**Variable graded front plane curve edges. Left to right increasingly curved edges in the frontal plane.

In the final test, participants compared our mixed variable (MX) prototypes. These were edges where several variables were combined on one edge. One of these prototypes (MX4) stood out from the other edge shape options as the favourite. And hence became the MXEdge!

** Mix 4 became the MXEdge of the May 2024 product release! 

It is worth noting that this was a process of design research and not academic research. More work will need to be completed over the coming years to understand more about edge shapes and further refine the knowledge we all use.

In the end, there was the MXEdge Lift… 

By early 2024, we’d defined what was to become the MXEdge and began sourcing our manufacturing partner here in the UK to create the finished MXEdge Lift product.

We were convinced that we had created a brilliant tool that would complement the finger strength training climbers have been completing for decades! Maybe, we’d even taken it one step forward…

Where we were unsure was how to communicate the significance of what we’d designed and what set it apart from other finger strength training tools so that climbers could make an informed decision. Our aim was (and still is) to communicate the following:

Comfort is key – climbers will be able to exert more force during testing and training if an edge is designed for maximum comfort. More force will result in greater potential for training optimisations in strength training. 

Maximal loading over even loading – the more we’re able to maximally load the muscles, the greater the training potential. 

Humans come in all shapes and sizes – once we’d defined the MXEdge shape, we tested it in a variety of sizes (edge depths) and found that participants experienced consistent levels of comfort. Whether it was the equivalent of 20mm or 10mm edge, climbers felt supported in their joints.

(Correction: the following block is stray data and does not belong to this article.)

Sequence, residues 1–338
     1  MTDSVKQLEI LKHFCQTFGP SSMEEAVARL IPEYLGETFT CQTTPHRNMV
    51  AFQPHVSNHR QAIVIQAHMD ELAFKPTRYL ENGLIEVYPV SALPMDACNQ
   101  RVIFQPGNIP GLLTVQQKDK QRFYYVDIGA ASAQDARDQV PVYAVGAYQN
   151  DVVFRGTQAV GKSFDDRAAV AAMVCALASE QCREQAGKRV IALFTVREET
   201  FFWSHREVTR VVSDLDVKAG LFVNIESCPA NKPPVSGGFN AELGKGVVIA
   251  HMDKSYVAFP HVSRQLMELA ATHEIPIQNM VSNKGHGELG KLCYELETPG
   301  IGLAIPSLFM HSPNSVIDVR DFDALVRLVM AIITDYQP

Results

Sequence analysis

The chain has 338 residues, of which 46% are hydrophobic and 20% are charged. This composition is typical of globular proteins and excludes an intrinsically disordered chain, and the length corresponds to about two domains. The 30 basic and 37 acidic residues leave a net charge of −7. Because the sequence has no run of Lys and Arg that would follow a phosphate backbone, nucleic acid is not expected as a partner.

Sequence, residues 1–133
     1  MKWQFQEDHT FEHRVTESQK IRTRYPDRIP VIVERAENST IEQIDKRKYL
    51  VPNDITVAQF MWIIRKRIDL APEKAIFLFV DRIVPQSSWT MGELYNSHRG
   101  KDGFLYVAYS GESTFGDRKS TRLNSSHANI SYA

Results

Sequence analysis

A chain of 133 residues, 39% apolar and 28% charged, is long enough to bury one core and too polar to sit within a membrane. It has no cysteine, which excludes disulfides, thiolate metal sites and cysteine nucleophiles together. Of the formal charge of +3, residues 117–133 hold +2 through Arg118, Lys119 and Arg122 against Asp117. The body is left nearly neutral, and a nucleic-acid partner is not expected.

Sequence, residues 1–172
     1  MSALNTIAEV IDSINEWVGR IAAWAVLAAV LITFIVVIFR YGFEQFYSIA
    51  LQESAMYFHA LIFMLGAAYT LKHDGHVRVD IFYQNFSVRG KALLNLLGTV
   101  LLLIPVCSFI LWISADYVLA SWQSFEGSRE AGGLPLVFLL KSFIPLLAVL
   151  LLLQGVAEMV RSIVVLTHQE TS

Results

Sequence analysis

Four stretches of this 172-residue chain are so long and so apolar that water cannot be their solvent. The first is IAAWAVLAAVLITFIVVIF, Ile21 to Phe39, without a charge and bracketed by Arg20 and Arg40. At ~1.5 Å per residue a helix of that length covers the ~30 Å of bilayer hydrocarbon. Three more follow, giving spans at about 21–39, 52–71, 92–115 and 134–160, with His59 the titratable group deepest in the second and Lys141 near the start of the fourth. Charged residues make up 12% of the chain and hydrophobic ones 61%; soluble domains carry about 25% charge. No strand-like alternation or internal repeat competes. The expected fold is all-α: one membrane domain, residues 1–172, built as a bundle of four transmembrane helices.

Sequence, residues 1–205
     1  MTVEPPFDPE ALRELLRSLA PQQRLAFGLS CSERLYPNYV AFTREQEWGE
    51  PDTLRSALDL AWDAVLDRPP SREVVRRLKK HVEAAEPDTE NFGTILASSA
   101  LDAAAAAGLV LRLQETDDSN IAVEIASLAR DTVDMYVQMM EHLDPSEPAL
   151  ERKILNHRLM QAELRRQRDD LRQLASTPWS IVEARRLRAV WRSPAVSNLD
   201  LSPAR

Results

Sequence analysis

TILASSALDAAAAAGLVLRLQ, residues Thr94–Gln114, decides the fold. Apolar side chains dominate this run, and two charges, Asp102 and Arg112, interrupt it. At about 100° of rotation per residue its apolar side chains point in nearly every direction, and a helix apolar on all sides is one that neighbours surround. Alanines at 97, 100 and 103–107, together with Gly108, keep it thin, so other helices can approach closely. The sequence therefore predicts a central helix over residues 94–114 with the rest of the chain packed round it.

There is no ‘best’ training edge – at present, there is only ‘different’ until we’ve completed more research, spoken to more climbers with training experience, and analysed strength data over the years. We believe that MXEdges, unlevel, and regular edges all have their place in the training ecosystem. 

The last question some of you may be asking – especially if you have a good memory for where this article started – is where are we heading with training edge designs? This will be determined by the following inputs:

  1. Research studies analysing the use of regular, unlevel, and MXEdges over next few years. We already have a study in process with one of our university partners here in Sheffield. 
  2. Observations from the climbing community in their experiences with different edges and the results that come from training on them. 
  3. Climbers shared knowledge. We may not all agree or find the same results, but together, we’re better informed. 

Key research references  

4 responses to “How Lattice Training Developed The MXEdge (Part 2)

  1. Thanks for an interesting read. I an thinking about the unlevel edge? You write « we decided that an unlevel training edge was not the direction we wanted to go». So why do you not want to go in this direction?

    1. Thank you for your comment and interest in our article.
      After discussing the unlevel edge concept with Tyler Nelson and our coaching team, we prototyped it for review. There were mixed opinions about its efficacy and confusion regarding its purpose. Our literature review didn’t substantiate claims that an unlevel edge would evenly load the pulleys, nor did we find research on different shaped edges for training.
      Given the unknowns, we conducted testing to determine the most comfortable edge, as comfort is crucial for an ideal training edge. We included an unlevel edge in our tests, but results showed no strong preference for a convex top curve (an unlevel edge). While the concept for the unlevel edge is valid and some may find it more comfortable, our goal was to create a geometry that suits the majority. Ultimately, you should train on the edge geometry that you find most comfortable.

    1. Hey Carmelo, thanks for your message. That’s our mistake, you should be able to now click the links and read the papers.

      Thanks for letting us know.